This article is based on research presented at the UACES Graduate Forum Research Conference 2022 (23-24 June, at FASoS, Maastricht).
The advancement of biotechnology has ignited both enthusiastic approval and fear, yet it has not left the public indifferent. The global COVID-19 pandemic has particularly focused public attention on this science-based sphere. An inherently interdisciplinary field, biotechnology is broadly defined as ‘the application of science and technology to living organisms, as well as parts, products, and models thereof, to alter living or non-living materials for the production of knowledge, goods, and services’. Rapid development pace, high initial investment, high development costs, significant educational and financial investments– is just a brief list of some key characteristics and needs of this dynamically developing sphere. It is also regarded as a ‘strategic’ technology with a diverse array of applications, ranging from traditional ones: medicine, agriculture, food products, to emerging industries, such as nanotechnology.
The importance of national biotechnology capabilities became especially evident during national border closures and a scarcity of certain medical supplies, which took place during the COVID pandemic. As production and supply chains were interrupted, government involvement was of decisive importance. For some, a reference to government involvement may bring to mind a formerly dominant techno-centric rationality, which narrowly focuses on inputs (research funding) and outputs (patents). However, views on how innovation should be understood and governed have already changed. A more holistic approach of National Innovation Systems (NIS) recognises innovation as a process, which takes place within a network of relationships and involves a variety of actors from both the public and private sectors. Yet, NIS have now been increasingly recast as National Innovation Ecosystems (NIE) because concerns about diversity, participation, and inclusivity of various types of actors have also come to the foreground. Furthermore, NIE brings particular awareness to the importance of an innovation-conducive environment.
My doctoral study explores the ways in which these theoretical reflections may help understand Bulgaria’s overall unsatisfactory innovation performance. The small Eastern European economy was ranked second to last, according to the Summary Innovation Index of the European Innovation Scoreboard’s ranking of 2021 (the last EU Member-State being Romania). The 2015-2020 National Innovation strategy admitted with concern that low-tech products hold a major share of the country’s exports, internationalisation of Bulgarian enterprises is low, there is a limited contribution of Foreign Direct Investments to technology transfers, production methods are energy intensive, and partially because of the above factors, labour productivity is low. This concern is also echoed by a more recent 2019 EBRD report, which warns that the country’s economic development is hindered by its low capacity to innovate and generate value. In 2018, the EU even took the drastic measure of withholding innovation funds after Bulgaria’s failure to identify enough sufficiently qualified scientists to evaluate research proposals.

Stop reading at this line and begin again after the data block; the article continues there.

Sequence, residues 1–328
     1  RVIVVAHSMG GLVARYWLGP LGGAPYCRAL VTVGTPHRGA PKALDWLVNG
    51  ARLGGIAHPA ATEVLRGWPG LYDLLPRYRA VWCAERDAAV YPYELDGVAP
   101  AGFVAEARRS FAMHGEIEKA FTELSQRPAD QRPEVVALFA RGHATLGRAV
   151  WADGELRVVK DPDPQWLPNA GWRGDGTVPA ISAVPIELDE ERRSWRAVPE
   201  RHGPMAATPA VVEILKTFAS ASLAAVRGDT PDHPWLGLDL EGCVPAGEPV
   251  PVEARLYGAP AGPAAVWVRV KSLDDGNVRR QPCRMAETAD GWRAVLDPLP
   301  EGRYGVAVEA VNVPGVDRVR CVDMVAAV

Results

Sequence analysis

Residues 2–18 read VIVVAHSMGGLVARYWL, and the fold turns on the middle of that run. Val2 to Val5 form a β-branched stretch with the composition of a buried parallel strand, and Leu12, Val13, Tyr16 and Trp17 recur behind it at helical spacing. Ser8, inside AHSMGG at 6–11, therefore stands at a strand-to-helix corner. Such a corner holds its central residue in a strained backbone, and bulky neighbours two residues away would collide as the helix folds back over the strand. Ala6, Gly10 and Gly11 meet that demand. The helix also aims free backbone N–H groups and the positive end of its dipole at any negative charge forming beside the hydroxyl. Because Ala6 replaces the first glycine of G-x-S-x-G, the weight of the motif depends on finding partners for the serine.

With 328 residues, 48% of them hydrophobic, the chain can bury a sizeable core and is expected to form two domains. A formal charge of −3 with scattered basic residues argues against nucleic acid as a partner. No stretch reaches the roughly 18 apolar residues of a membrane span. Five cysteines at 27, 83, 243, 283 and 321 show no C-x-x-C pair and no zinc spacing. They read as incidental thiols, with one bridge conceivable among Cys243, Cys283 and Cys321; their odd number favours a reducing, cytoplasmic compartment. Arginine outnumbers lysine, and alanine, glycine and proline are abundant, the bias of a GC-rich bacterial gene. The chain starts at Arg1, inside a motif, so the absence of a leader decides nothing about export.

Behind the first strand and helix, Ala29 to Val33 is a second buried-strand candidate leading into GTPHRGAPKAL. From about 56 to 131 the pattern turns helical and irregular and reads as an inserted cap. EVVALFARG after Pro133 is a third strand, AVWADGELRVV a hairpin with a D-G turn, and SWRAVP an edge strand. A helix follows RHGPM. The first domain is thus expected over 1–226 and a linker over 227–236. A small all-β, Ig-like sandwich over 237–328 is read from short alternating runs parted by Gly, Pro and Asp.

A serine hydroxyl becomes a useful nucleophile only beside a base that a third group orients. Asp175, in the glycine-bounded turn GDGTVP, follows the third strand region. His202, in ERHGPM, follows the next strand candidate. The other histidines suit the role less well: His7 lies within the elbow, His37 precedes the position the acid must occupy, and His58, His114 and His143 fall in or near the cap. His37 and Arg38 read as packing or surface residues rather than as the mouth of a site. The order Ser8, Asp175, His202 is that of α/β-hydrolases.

Admittedly, Bulgarian technopolitical and development strategies are embedded in a pan-European ecosystem of innovation and entrepreneurship. Some of the issues faced by the small Eastern European country are recognised as wider pan-European challenges. For example, in comparison with the USA, EU start-ups have access to much less venture capital. Thus, even though the number of EU and US start-ups is comparable, far fewer European start-ups manage to scale up.
However, issues about Bulgaria’s innovation performance run deeper than what can be determined from assessments of purely economic factors or business analyses of economic actors. In 2021, researchers who were identified as ‘non-innovators without disposition to innovate’ were 54.1%, while the EU average was 31.3%. The Bulgarian Ministry of Education identified key weaknesses of Bulgaria’s NIS: institutional rigidities and a growing distrust amongst key stakeholders in the research and innovation system. Such concerns bring attention to the importance of fostering a culture of innovation, which helps nurture innovative behaviours and attitudes, new forms of communication and collaboration, as well as forms of rationality that inform these new forms and innovative behaviours.
Consequently, in addition to an analysis of broad national-level innovation policies and strategies, my doctoral research pays particular attention to Bulgarian science entrepreneurs, especially focusing on the biotechnology sphere. Science entrepreneurs are scientists who have been able to commercialise their own research and the nature of biotechnology research has been considered as particularly favourable to the emergence of this group. While most existing analyses have focused on the economy, my research argues for a need to understand the role of ideas, narrative, and discourses in the constitution of NIS/NIE. Special attention is given to these, which emerge at micro-sites of discourse production, such as individual biotechnology laboratories or research institutes. The doctoral project argues that such an understanding is just as important for understanding national innovation capacity as quantitative reports of relevant indices about the country’s innovation performance.